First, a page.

Sunday’s game was no different.
Rex Grossman kept team and individual turnover streaks intact with his 20th interception of the season. Poor tackling and breakdowns in pass coverage led to big scoring plays for the Eagles (8-8). Ineffective red-zone play and penalties kept the Redskins f
At one point, the Redskins had both running backs Roy Helu and Evan Royster on trainer’s tables, receiving treatment from the medical staff. Linebacker Brian Orakpo missed the second half with a pectoral muscle injury. There was a 21-point fourth-quarter collapse. And of course, the package wouldn’t have been complete without a blocked field goal, so Washington allowed one of those as well.
The primary bright spots of the game for Washington were a 47-yard touchdown reception by Helu, a second straight 100-yard rushing outing by Royster (20 carries, 113 yards) and two sacks by Orakpo, who finished the season with nine, the third straight year he has led the team. It also made Orakpo the first Redskins player since Dexter Manley in the 1980s to record at least eight sacks in three consecutive seasons.
But beyond that, highlights were few for the Redskins. The Eagles, in contrast, racked up 390 yards of offense — 190 of them in the fourth quarter — and had three pass-catchers with at least 86 receiving yards apiece. Washington’s defense gave up at least 30 points for the fourth time in the last five games, and the 24-point loss was the Redskins’ largest margin of defeat this season.
So ended the worst year in Mike Shanahan’s 17 full seasons as a head coach.
The 5-11 finish was worse than a pair of 6-10 campaigns recorded by Shanahan last year and in 1999. It also gave Shanahan an 11-21 record in his first two seasons with the Redskins, who went 12-20 in the two seasons led by former coach Jim Zorn prior to Shanahan’s arrival.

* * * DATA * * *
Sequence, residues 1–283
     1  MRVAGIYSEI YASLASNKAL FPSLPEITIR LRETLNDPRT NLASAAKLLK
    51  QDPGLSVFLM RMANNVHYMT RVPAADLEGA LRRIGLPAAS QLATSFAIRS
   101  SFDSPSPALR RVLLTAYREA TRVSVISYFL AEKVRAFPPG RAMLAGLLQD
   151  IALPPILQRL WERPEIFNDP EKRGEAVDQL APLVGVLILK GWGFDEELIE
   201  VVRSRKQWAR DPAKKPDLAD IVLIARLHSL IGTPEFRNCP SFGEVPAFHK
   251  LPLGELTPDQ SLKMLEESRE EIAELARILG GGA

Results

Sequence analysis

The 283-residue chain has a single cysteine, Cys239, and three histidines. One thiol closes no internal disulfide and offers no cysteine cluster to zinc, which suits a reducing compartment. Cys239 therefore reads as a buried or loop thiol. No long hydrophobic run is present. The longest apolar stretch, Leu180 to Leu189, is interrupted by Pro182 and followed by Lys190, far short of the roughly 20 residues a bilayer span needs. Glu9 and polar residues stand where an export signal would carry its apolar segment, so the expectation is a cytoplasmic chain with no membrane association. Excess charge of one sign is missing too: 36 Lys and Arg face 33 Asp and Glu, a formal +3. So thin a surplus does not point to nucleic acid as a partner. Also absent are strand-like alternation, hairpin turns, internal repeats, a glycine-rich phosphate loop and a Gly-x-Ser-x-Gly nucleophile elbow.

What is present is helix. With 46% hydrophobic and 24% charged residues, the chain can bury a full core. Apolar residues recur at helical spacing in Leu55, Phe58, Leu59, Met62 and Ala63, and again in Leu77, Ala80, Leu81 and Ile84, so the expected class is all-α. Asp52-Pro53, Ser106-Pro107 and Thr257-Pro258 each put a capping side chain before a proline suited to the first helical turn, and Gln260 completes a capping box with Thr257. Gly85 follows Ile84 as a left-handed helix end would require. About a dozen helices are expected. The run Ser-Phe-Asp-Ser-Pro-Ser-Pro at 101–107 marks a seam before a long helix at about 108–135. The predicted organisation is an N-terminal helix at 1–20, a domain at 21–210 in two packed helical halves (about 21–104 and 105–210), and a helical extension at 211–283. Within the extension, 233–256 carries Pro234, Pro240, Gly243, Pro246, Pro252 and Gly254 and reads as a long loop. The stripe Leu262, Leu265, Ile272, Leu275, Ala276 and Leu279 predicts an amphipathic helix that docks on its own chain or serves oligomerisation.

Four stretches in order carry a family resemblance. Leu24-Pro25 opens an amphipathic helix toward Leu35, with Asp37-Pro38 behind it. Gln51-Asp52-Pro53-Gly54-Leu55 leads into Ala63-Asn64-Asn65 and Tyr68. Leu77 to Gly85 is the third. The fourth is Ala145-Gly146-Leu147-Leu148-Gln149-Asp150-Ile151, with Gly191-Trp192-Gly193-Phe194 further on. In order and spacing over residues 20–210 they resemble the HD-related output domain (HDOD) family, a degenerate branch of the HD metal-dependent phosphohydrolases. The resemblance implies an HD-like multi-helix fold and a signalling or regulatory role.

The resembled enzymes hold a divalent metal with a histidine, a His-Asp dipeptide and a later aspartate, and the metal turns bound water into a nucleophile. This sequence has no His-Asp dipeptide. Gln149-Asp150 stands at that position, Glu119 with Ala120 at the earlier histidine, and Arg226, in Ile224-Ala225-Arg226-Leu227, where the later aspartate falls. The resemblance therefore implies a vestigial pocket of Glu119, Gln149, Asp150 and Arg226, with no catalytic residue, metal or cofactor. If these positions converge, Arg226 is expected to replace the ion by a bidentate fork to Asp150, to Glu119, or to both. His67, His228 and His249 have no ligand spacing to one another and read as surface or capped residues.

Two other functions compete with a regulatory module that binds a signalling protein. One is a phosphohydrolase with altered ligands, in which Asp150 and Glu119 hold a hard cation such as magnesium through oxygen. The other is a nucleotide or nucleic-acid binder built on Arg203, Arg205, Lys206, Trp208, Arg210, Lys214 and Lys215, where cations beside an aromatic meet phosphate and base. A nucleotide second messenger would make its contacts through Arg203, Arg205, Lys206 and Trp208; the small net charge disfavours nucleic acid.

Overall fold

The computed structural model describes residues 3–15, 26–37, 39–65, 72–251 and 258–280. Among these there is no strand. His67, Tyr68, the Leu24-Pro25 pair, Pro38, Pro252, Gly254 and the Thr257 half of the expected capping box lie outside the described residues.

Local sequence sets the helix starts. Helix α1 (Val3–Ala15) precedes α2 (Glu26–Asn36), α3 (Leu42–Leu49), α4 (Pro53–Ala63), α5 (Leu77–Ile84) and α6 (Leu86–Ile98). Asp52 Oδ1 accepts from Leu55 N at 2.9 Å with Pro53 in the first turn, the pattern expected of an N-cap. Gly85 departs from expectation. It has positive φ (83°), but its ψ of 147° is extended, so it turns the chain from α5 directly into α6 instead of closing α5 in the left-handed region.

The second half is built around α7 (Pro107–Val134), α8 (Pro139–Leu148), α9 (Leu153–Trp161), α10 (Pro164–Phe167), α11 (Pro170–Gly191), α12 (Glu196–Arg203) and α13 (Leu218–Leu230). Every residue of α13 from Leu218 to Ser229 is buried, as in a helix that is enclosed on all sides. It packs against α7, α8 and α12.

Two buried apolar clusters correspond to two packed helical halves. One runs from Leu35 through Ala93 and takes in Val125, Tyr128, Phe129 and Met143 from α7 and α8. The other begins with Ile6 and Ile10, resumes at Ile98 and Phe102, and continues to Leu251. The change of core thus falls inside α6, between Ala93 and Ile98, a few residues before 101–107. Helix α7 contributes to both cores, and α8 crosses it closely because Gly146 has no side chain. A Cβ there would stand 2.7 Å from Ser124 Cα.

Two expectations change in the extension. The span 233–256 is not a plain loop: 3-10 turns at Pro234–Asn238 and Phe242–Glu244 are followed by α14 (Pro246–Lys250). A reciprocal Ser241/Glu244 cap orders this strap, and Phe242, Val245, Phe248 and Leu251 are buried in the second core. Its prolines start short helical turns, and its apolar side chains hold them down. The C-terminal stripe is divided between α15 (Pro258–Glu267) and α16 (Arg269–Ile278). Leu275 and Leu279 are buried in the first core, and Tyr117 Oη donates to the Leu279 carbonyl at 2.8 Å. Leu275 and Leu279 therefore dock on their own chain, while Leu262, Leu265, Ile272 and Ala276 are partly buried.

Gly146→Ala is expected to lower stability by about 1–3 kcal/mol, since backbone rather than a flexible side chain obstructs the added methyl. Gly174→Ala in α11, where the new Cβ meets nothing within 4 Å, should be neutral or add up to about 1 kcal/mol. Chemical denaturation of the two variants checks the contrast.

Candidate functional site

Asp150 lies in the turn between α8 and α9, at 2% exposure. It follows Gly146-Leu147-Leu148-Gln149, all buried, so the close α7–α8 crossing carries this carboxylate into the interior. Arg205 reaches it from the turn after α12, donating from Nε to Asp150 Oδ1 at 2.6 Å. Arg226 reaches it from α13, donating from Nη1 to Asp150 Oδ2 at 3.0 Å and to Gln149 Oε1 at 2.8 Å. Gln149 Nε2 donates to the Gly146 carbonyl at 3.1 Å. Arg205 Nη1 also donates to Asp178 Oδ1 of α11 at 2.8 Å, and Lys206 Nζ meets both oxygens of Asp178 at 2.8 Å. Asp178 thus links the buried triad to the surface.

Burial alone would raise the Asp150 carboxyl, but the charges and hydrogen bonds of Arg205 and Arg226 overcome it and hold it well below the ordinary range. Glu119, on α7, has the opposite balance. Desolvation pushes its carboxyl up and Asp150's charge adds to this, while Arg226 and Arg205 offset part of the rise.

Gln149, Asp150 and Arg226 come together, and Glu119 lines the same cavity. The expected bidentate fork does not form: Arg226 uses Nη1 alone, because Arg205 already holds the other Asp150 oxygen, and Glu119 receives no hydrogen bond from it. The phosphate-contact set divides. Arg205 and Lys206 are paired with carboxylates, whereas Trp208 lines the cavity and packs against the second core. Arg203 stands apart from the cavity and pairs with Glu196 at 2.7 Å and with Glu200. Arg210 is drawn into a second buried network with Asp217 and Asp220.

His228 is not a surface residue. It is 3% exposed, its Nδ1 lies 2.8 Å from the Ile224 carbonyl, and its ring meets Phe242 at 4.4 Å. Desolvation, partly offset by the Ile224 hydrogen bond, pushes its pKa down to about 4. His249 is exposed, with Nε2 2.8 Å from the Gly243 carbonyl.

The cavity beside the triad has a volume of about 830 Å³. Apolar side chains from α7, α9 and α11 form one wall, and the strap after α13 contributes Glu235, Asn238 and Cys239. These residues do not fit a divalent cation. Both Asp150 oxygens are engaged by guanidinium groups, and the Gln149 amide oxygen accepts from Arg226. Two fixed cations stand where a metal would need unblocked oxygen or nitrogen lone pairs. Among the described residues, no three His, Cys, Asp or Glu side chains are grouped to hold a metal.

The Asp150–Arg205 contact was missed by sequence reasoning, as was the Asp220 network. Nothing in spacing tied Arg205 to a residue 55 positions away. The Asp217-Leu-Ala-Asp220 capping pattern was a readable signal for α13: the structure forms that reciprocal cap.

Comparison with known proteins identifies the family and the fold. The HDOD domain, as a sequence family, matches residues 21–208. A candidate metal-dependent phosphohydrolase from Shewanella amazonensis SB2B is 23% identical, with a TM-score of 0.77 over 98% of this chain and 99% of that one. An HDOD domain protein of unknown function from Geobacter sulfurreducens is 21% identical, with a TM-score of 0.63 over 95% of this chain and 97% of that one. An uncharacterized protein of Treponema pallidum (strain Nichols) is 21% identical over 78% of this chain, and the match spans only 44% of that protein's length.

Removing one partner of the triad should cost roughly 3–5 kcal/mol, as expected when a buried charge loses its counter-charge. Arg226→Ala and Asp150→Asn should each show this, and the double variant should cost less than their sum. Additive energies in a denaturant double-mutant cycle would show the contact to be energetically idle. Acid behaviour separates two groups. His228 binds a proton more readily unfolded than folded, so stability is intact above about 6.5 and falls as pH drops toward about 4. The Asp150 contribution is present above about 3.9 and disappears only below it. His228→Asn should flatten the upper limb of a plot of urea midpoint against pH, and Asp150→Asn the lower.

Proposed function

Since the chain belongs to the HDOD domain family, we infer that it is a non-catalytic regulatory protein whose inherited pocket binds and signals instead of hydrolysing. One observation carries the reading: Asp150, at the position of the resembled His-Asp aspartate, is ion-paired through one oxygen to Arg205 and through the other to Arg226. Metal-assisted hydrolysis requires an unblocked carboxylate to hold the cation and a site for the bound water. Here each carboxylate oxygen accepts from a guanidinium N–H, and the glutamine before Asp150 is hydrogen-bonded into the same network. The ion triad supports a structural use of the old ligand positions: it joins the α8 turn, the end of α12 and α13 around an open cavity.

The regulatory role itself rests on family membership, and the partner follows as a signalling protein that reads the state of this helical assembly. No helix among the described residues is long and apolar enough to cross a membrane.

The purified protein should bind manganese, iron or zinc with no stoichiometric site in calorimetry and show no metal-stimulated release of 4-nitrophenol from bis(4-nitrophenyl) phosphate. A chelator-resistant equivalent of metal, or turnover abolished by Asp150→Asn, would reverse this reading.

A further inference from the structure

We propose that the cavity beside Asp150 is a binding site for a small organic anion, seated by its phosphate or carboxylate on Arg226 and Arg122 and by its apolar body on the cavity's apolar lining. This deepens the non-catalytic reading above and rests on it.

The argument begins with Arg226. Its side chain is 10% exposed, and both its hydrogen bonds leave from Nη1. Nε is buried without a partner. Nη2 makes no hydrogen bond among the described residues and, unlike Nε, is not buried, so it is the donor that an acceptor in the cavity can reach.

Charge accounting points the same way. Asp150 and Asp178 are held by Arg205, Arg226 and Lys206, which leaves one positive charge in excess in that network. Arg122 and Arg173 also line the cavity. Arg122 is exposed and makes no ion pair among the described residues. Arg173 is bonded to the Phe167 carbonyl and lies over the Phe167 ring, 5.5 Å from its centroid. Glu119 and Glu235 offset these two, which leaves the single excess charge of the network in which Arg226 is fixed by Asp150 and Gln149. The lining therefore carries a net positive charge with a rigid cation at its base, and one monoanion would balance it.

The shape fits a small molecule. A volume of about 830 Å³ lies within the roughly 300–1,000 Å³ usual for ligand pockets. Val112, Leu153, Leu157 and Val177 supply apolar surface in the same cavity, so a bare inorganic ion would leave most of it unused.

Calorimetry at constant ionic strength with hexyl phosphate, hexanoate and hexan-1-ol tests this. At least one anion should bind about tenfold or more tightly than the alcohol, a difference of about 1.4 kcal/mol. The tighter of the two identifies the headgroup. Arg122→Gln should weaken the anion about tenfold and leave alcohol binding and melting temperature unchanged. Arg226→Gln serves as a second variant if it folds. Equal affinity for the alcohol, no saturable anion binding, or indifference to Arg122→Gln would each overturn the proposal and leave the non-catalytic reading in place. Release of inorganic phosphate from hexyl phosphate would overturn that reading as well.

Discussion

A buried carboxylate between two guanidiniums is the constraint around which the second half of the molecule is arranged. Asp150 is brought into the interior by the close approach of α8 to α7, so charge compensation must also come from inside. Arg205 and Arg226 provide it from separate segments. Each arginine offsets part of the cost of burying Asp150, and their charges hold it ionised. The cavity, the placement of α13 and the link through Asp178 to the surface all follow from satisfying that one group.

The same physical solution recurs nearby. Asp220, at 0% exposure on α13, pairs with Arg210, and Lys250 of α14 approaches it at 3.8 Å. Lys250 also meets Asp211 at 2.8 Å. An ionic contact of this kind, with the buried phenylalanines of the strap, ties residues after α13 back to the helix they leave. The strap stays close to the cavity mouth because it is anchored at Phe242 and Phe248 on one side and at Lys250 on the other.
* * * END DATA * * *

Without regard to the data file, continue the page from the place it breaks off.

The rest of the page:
It also marked a third consecutive losing season for one of the NFL’s most storied franchises, and the eighth time in the last 10 seasons that the Redskins have failed to post a winning record.
The Redskins’ standing in the NFC East already had been determined prior to Sunday’s game. For the fourth consecutive year, they finished last in the division.
By virtue of their record and following strength-of-schedule determinations, the Redskins learned on Sunday that they will hold the sixth overall pick in April’s draft.
“Extremely frustrating to lose 11 ballgames, another game to a divisional opponent,” said linebacker London Fletcher. “Felt like we played good football in the first half, and then in the fourth quarter, it got away from us. . . . Not enough good football for 60 minutes.”
The Redskins trailed 10-0 at halftime and saw their best chance for an early touchdown slip through their hands midway through the first quarter. On third and nine from the Philadelphia 43, Grossman had Santana Moss open running down the center of the field. Grossman’s pass was slightly underthrown, and Moss had to slow up for it, but the ball slipped between Moss’s arms for an incompletion at the goal line.
And then came an unfortunate second quarter, which featured the same misfortunes that have plagued the Redskins all season.